Judge lifts contempt order against Trump in civil inquiry


New York’s judge agreed to lift a contempt finding against former President Donald Trump for failing to comply with a subpoena from the New York State Attorney General’s Office, provided he pays a fine and agrees to meet certain other conditions.

Trump was held in contempt late last month by New York Supreme Court judge Arthur Engoron after finding he failed to comply with Attorney General Letitia James’ request for documents in an ongoing civil probe into his business practices. Trump was ordered to pay $10,000 for each day he failed to turn over documents to James’ office.

The former president must pay a $110,000 fine and meet several other conditions or the contempt finding will be reinstated, the judge said, including providing a description of the trump organization’s document retention and destruction policies, as well as reviewing the contents of boxes tied to Trump and kept in off-site storage.

“I want the fine paid,” Engoron said Wednesday. “That fine is now $110,000.”

Should Trump fail to meet the conditions by May 20, Engoron said he will reinstate the contempt finding and the $10,000 per day fine will be added retroactively.

The total Engoron ordered Trump to pay is the amount of fines accrued through last Friday, when Trump’s lawyers submitted 66 pages of court documents detailing the efforts by him and his lawyers to locate the subpoenaed records.

Also Wednesday, a state appellate court is scheduled to hear oral arguments in Trump’s appeal in another subpoena matter: Engoron’s Feb. 17 ruling requiring him to answer questions under oath in James’ investigation.

A message seeking comment was left with Trump’s lawyer.

James, a Democrat, asked Engoron to hold Trump in contempt of court after he failed to produce any documents to satisfy a March 31 deadline to meet the terms of the subpoena.

“Reaffirming a ruling holding Donald J. Trump in contempt, a judge has ordered Mr. Trump to pay my office for his refusal to comply with our subpoenas,” Attorney General James said in a statement.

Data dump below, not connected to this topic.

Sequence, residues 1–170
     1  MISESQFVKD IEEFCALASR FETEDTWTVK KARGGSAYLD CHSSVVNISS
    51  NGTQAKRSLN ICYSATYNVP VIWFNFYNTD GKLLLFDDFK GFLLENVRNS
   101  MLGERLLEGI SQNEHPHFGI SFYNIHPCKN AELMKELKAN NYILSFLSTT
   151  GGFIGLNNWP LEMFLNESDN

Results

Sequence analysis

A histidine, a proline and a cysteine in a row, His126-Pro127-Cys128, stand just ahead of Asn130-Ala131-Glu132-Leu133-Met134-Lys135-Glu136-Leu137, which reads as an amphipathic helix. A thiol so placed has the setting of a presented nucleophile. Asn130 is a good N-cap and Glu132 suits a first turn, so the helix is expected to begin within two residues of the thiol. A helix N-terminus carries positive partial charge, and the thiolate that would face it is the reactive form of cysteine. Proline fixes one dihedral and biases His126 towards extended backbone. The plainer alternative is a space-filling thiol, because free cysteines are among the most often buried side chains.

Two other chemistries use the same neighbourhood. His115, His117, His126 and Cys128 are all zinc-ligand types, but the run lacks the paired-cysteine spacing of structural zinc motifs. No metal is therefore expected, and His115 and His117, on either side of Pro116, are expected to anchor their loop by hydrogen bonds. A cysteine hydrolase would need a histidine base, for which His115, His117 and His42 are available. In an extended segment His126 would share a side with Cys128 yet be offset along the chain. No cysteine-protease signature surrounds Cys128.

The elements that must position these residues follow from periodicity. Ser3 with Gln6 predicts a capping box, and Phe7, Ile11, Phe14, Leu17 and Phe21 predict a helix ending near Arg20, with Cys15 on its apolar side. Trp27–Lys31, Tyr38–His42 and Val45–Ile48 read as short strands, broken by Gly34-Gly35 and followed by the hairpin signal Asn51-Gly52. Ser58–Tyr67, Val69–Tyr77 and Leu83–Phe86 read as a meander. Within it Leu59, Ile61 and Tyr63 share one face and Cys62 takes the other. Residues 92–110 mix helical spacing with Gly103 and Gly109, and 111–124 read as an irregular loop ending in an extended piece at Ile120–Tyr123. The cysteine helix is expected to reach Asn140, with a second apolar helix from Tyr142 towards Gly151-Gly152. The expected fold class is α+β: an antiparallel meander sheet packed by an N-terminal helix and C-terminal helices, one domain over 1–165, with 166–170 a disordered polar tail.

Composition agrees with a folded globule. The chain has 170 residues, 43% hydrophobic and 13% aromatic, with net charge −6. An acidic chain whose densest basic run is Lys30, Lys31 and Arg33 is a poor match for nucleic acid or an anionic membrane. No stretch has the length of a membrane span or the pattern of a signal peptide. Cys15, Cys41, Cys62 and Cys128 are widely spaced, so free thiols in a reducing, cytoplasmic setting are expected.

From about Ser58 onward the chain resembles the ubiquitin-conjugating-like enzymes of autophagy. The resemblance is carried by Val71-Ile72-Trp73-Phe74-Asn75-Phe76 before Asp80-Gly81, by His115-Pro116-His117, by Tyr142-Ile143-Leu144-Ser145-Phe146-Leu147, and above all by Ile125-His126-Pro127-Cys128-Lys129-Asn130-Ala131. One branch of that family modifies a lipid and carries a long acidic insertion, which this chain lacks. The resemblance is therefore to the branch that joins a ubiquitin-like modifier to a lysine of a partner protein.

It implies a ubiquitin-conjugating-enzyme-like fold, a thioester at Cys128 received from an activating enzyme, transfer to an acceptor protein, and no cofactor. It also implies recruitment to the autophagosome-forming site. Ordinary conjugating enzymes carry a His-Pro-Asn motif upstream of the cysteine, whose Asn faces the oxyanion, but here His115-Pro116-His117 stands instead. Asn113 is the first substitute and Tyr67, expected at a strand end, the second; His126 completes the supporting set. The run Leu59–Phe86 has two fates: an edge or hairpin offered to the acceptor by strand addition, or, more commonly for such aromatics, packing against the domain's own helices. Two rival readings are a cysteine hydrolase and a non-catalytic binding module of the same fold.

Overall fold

“For years, Mr. Trump and the Trump Organization have tried to thwart our lawful investigation, but today’s decision makes clear that no one can evade accountability,” she continued. “We will continue to enforce the law and seek answers as part of this investigation.”

James’ office sought numerous documents, including paperwork and communications pertaining to Trump’s financial statements, financing and debt for a Chicago hotel project and development plans for his Seven Springs Estate north of New York City, and even communications with Forbes magazine, where he sought to burnish his image as a wealthy businessman.

Trump attorney Alina Habba said in the May 6 filing that the responses to the subpoena were complete and correct and that no relevant documents or information were withheld.

Habba conducted searches of Trump’s offices and private quarters at his golf club in Bedminster, New Jersey, and his residence in Mar-a-Lago, Florida, according to the filing, but didn’t find any relevant documents that hadn’t already been produced. The filing also detailed searches of other locations including file cabinets and storage areas at the Trump Organization’s offices in New York.

In a separate sworn affidavit included with the filing, Trump stated there aren’t any relevant documents that haven’t already been produced.

He added that he owns two cellphones: an iPhone for personal use that he submitted in March to be searched as part of the subpoena, then submitted again in May; plus a second phone he was recently given that’s only used to post on Truth Social, the social media network he started after his ban from Twitter, Facebook and other platforms.

Engoron’s criteria for lifting the contempt finding were largely in line with conditions James’ office outlined in its response Monday to the lengthy filing last week in which Trump and his legal team said they had exhausted efforts to find the subpoenaed records.

Those conditions sought by James’ office were: Trump submitting another affidavit detailing his and his company’s retention and destruction policies for his documents and electronic devices; and allowing the outside firm Trump hired, HaystackID, to finish going through 17 boxes kept at an off-site storage facility, and for that company to issue a report on its findings and turn over any relevant documents.

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